4. (Tie) Avery Bradley and Isaiah Thomas: Writing this analysis up, I  would've assumed Bradley tying for fourth-best defender on the current team would have to be a mistake. And who would think the team’s shortest player, often noted for his inability to defend larger opponents effectively - basically, everyone - would be on this list at all? What it likely comes down to with these two is context. Bradley, like Smart, does a lot of things that don’t show up in standard (if any) metrics, and while he’s a league-leading individual defender great for slowing down a Steph Curry or James Harden, he’s actually a below-average team defender. As for Thomas, it’s probably his quick hands and aggressive play that put him into the running.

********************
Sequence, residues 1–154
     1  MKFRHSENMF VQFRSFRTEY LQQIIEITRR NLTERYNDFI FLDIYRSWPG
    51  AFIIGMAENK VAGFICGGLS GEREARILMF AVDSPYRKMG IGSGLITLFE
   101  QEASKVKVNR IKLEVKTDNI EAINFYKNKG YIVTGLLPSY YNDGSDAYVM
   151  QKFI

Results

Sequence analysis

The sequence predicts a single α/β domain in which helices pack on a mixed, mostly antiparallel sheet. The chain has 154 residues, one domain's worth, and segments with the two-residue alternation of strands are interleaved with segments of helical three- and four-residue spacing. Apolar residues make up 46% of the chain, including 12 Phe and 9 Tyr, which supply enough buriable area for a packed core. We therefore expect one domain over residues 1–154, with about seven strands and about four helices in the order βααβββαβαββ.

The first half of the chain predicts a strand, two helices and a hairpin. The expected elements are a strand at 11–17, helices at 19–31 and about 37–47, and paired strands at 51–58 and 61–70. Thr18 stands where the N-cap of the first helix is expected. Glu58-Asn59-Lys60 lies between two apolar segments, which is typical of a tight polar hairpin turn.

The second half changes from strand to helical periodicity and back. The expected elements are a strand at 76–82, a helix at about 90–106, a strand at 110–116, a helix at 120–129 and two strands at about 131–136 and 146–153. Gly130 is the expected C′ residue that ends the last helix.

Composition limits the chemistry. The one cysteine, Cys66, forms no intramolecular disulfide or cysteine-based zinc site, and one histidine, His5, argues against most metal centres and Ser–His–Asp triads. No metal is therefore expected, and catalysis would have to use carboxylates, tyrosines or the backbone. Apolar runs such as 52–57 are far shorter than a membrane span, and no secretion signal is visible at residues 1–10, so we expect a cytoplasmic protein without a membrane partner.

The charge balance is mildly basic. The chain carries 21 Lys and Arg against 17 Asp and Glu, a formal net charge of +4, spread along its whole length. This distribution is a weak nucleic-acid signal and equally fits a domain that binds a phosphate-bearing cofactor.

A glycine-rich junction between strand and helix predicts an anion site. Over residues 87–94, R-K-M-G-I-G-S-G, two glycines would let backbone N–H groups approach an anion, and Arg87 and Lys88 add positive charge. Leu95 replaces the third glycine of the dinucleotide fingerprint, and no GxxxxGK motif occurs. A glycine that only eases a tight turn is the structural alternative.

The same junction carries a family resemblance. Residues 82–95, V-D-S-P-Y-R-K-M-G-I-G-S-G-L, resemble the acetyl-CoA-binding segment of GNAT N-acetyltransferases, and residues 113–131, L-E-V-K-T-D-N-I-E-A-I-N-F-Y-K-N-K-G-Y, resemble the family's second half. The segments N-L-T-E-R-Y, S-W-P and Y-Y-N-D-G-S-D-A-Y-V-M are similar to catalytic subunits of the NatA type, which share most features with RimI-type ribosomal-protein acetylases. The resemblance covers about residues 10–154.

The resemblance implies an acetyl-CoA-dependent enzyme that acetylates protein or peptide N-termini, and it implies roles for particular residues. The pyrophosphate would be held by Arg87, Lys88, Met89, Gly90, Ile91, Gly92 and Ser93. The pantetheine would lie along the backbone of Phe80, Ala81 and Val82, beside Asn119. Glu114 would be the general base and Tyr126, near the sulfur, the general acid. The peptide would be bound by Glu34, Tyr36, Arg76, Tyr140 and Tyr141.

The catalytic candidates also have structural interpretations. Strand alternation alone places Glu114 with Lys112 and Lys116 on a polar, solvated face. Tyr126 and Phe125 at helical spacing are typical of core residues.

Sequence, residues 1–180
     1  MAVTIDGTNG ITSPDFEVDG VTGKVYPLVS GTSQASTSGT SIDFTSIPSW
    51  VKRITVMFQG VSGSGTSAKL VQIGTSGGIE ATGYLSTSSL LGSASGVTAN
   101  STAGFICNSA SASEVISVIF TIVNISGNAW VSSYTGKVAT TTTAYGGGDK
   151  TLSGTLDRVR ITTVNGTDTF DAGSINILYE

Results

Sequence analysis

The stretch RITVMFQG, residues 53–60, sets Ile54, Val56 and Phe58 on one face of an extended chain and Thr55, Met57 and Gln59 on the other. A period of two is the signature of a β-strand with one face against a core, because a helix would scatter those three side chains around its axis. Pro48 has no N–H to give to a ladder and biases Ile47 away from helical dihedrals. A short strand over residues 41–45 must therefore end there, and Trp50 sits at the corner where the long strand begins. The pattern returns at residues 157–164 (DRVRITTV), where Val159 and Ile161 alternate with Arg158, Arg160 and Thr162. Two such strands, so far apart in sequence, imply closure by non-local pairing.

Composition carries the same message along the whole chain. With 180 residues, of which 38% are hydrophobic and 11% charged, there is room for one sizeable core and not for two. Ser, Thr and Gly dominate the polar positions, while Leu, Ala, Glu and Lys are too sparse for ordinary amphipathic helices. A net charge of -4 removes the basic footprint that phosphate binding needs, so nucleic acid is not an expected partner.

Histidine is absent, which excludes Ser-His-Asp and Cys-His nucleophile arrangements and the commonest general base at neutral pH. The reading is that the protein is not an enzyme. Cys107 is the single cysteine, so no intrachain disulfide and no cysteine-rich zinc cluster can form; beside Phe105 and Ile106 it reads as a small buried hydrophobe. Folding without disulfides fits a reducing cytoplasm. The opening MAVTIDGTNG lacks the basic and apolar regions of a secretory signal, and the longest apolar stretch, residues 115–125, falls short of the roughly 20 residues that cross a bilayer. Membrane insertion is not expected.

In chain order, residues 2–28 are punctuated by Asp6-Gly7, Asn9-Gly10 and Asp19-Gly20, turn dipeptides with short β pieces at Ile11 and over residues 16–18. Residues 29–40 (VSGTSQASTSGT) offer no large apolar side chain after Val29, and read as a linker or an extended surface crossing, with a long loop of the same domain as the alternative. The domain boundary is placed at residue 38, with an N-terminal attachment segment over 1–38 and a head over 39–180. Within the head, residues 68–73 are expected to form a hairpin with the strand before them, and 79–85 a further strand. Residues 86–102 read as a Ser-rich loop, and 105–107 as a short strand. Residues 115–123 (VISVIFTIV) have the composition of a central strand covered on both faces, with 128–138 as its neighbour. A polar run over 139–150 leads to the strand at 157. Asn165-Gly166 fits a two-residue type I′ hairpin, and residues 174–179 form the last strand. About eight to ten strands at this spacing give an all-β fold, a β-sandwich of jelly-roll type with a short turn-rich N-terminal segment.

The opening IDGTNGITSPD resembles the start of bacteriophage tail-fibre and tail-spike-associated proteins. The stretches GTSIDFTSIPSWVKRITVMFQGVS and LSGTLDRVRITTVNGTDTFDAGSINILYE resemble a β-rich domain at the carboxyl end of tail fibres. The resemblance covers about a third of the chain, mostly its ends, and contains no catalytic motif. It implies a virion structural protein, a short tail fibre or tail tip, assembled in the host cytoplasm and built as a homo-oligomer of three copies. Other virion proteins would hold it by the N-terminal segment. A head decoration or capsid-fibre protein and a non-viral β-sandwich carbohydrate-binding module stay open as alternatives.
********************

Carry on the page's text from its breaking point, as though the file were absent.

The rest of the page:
3. Jordan Mickey: Another unexpected result, some of which can be attributed to Mickey’s limited playing time and appearances, as well as the fact that he’s usually much better than the third-string players he’s often on the court with. Even still, this is a promising result, and a big part of the reason why you’re not hearing a word about him having to fight for a role on this year’s team. We should expect to see more of Mickey this season - particularly if any trades open up rotation minutes in the front court.

2. Amir Johnson: This is actually the first result that didn’t surprise me. Second only to Al Horford as a rim protector, I expected Johnson would make an appearance in the top three slots. While “quick hands” may not be a phrase anyone is going to use to describe Amir any time soon, his knack for getting a hand on shots near the paint should pan out well for Boston this year, whether paired with Horford, or keeping rim protection on the court at all times as the sixth man off the bench.

...and finally…